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PANEL MEMBERSHIP

Panel Member

John Morley MD, Chair Peggy Alteri, RN, BSN, MPA, CASC, President Arthur Aufses, Jr. MD, Professor of Surgery and Health Policy Heather Bennett, JD, Executive Director Margaret K. Brown, CRNA, MS Rick Croteau, MD, Executive Director for Patient Safety Initiatives William Dillon, MD, Maternal-Fetal Medicine Lawrence L. Faltz, MD, FACP, Senior Vice President for Medical Affairs and Medical Director Walter Gilsdorf, MD, Orthopedic Surgeon Sandra Hickson, RN, C Mark Lema, MD, Professor and Chairman Department of Anesthesiology Sonja Meyers, CRNA Marc L. Napp, MD, FACS, Vice President for Medical Affairs John M. Olsewski, MD, FACS Orthopedic Surgeon Jeffrey S. Oppenheim, MD Neurosurgeon Lorraine Ryan, Special Counsel Regulatory and Professional Affairs John W. Simon, MD, Professor and Chairman Department of Ophthalmology Gary Siskin, MD, Assoc. Professor and Chairman Department of Radiology Deborah G. Spratt, RN, BSN, MPA, CNAA, CNOR Clinical Specialist Mary Therriault, BSN, Director, Quality and Research Initiatives Ruth Welch, RN, CPHQ Manager, Quality and Research Initiatives

Affiliation

Medical Director OHSM, DOH NYS Association of Ambulatory Surgery Centers Mount Sinai School of Medicine NYS Society of Orthopedic Surgeons Lindsay House Surgery Center Joint Commission International Center for Patient Safety Women's and Children's Hospital of Buffalo Phelps Memorial Hospital Board for Professional Medical Conduct Southside Hospital Roswell Park Cancer Institute Albany Medical Center Lenox Hill Hospital NYS Society of Orthopedic Surgeons Good Samaritan Hospital, Suffern Greater New York Hospital Association Albany Medical College Albany Medical Center University of Rochester Medical Center Healthcare Association of New York State (HANYS) Healthcare Association of New York State (HANYS)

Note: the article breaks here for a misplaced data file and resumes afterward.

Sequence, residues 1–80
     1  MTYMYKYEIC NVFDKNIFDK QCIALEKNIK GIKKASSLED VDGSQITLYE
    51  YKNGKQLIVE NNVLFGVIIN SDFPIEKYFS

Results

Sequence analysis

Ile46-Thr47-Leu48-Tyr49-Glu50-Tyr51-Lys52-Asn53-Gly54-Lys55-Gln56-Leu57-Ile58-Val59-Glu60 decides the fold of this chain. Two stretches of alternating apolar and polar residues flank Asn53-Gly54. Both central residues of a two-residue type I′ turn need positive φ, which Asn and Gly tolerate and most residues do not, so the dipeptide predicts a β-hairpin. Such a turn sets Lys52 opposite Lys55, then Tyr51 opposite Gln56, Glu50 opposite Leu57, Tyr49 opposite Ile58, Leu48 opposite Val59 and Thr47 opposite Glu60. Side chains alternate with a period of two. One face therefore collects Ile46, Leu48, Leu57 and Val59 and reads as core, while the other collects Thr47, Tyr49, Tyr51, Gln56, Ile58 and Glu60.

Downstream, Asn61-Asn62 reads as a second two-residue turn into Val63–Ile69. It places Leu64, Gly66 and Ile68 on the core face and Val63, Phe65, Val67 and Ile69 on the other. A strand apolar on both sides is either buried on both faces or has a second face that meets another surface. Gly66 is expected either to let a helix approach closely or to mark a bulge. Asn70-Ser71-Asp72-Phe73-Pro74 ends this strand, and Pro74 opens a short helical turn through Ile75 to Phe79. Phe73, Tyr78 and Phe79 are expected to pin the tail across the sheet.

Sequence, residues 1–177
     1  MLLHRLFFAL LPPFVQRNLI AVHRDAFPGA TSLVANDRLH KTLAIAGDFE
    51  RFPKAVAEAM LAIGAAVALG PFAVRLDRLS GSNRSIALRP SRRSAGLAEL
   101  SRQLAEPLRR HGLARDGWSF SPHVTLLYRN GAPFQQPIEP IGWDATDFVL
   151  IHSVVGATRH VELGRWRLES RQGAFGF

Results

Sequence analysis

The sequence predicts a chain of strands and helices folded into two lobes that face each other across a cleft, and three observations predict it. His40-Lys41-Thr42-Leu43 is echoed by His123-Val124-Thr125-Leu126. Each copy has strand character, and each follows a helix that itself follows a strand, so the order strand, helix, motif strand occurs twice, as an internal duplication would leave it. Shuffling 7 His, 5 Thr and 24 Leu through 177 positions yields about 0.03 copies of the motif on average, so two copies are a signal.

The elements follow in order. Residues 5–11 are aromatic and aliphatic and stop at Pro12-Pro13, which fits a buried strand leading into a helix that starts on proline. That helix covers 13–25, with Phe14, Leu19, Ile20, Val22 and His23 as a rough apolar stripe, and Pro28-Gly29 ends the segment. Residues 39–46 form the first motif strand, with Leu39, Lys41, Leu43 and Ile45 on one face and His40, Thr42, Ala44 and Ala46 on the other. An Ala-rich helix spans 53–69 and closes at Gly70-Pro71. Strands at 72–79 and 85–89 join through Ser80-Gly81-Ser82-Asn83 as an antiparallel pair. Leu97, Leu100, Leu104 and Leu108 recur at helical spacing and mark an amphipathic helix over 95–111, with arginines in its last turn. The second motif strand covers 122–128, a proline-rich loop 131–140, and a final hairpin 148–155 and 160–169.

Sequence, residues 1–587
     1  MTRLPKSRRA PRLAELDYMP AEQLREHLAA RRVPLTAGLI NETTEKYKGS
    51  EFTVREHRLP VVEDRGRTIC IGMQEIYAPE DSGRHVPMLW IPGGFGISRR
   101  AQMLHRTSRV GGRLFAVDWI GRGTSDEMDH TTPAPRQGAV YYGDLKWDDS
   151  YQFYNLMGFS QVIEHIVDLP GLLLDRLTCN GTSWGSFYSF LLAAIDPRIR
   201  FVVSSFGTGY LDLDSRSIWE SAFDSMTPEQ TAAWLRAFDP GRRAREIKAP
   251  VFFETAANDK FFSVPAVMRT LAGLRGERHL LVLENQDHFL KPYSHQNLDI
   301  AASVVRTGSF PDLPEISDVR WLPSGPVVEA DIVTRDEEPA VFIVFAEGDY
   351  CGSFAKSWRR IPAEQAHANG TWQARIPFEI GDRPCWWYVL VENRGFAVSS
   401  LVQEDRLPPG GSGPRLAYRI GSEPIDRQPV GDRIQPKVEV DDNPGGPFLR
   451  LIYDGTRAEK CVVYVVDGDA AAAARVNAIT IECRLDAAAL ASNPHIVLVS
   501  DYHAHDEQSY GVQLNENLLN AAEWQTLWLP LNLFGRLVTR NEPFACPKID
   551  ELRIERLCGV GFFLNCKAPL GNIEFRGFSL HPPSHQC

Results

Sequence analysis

DOH Staff to Panel

Robert Barnett, Director Peg Dameron, BSN, Hospital Nursing Services Consultant Ellen Flink, MBA, Director Janet Mannion, RN, Project Assistant Lisa McMurdo, RN, MPH, Director Kathy Rhodes, Executive Assistant to the Chair Cynthia Weber Glynn, Deputy Director Patient Safety Center Division of Primary & Acute Care Services Research in Patient Safety Division of Primary & Acute Care Services Division of Healthcare Standards and Surveillance OHSM Office of Professional Medical Conduct